If I clung to the indies even though their perfumes were worse than mainstream, then that would start to become irrational. But I do not believe that I am doing that. The reason why I love houses like Miller Harris and Keiko Mecheri is that, even when the compositions are not revolutionary, I can depend on the quality of the materials. Maybe I just care more about good materials than novelty, but I'm not finding either at the big houses these days...

  4. I have to say, I'm not sure I understand this third way. I'm not entirely sure I even understand the idea of needing a third way, or any way, but that's beside the point. By "islands of true perfumery," are you suggesting that designer fragrances, even reformulated, aren't true perfumery? What is separating the indies from the mainstream? Quality of materials? Olfactory "aesthetical" vision? Most of the niche fragrances that succeed are happy accidents, not planned megahits - if Tauer had known beforehand that Lonestar Memories and L'air du Desert Marocain would be headliners in the niche world, he might have become too neurotic to fulfill that prophecy. He was throwing a lot of things at the wall, hoping something would stick, and very little did. It seems to me that this is the reason why, as pitbull friend points out, so many niche fragrances fail to move, while perhaps one or two out of dozens manage to feel right.

    What's to become of brands like Tauer, L'Artisan, "Free Orange State," Serge Lutens, in twenty, thirty, forty years? Will they remain independent, or be bought out in a new bid for market share by massive corporations that offer sums so large no sane person would ever refuse? Be reformulated and repackaged and reduced, as some seem to see it? Or simply become accessible at mass market prices? Is the third way then to move on, abandon the affiliation with fragrances that you fell in love with? Find new independents, and hope that the cycle doesn't repeat itself?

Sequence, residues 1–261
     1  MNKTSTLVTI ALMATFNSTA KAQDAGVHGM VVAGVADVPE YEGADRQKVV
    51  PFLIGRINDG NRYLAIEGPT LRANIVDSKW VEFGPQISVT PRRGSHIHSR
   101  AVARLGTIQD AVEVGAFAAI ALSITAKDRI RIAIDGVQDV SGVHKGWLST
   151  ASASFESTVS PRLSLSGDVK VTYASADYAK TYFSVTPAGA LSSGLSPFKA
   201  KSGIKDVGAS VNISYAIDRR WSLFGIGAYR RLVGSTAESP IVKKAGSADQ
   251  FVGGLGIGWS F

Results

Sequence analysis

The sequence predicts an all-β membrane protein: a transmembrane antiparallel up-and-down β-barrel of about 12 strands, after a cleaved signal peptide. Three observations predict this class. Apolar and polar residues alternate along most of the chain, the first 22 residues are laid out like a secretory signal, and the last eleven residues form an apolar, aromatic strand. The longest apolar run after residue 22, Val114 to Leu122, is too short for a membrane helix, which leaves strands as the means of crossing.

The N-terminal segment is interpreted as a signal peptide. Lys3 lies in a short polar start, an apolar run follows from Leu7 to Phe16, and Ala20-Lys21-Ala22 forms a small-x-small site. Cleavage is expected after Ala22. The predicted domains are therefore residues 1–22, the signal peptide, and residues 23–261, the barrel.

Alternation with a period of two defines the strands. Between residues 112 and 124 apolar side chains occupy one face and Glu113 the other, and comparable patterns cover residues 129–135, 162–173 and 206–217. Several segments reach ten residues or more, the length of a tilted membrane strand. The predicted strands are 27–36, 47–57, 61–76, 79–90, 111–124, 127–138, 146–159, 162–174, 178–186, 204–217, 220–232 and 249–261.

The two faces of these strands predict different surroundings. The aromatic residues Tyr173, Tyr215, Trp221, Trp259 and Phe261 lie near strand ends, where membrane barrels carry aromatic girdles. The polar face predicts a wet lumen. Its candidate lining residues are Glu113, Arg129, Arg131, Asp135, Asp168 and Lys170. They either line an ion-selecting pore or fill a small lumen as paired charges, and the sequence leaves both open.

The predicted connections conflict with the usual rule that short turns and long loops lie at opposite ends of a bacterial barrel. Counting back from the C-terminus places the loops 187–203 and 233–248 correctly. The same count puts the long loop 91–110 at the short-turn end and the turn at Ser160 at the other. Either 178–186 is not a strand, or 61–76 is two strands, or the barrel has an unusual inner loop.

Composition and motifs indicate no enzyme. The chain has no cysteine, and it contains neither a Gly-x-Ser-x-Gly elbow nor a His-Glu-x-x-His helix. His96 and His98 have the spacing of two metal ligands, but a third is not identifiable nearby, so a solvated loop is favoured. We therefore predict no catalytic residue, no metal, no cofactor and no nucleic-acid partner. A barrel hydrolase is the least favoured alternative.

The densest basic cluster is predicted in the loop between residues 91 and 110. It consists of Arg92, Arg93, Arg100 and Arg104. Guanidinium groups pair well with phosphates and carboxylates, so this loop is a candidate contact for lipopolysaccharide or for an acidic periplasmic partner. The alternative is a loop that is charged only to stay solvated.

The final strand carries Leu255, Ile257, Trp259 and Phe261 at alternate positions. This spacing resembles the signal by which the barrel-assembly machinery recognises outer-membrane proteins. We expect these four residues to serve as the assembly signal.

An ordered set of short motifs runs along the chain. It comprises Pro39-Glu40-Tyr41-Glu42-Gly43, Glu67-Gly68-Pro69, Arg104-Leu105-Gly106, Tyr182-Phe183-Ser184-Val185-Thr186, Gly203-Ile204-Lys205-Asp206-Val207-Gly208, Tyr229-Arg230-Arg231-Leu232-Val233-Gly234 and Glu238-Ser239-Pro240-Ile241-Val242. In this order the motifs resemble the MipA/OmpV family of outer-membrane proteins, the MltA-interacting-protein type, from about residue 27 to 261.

Or end up scrabbling around for the vintage Tauers, the vintage Lutens, the vintage "Free Orange States," etc? Some may think that this won't happen because it hasn't happened yet, but they'd be very wrong. Take a good look at William Lightfoot Shultz, founder and creator of Shulton Old Spice (and numerous other perfumes and matching toiletries). Seemed pretty niche to me. Almost one hundred years later, Old Spice bears a different manufacturing stamp . . . the rest is history.

    So, okay, I can now abandon Old Spice (or not) and focus my sights on something by any number of niche brands nascent these days, but if they're good enough, how do I know that thirty years later something won't change? I'm only thirty-one. In thirty years I'll look a lot like those old guys on ebay who are buying vintage Old Spice from me, and sending me gushing emails about how happy they are that I saved my grandfather's stock.

    1. Hello, Bryan, and thank you for your frank expression of consternation! ;-)

      The grounds for believing that the independents offer the greatest hope for perfumes with the integrity of the perfumes of the twentieth century are simply that "there is a perfumer in the house". That's it. The person who creates the perfume gets the last word. You can visit an independent perfumer and have a conversation about his/her creation in the way that you cannot do that with the houses now embedded in gigantic corporate structures and layers upon layers of public relations and marketing.

      I do believe that this is our best hope and it will remain our best hope for finding good and fresh perfumes here and now. Part of my perspective on this question, which to me is one, since the two alternatives, faith in mainstream and search for vintage, strike me as untenable, has been formed by my personal experience with new launches. Many of them, in a word, suck. I used to buy perfume blind all the time--in fact, in the twentieth century, I ONLY bought perfume blind. Okay, yes, I'd try stuff at the counter, but most of my perfumes were purchased scent unsniffed from Guerlain.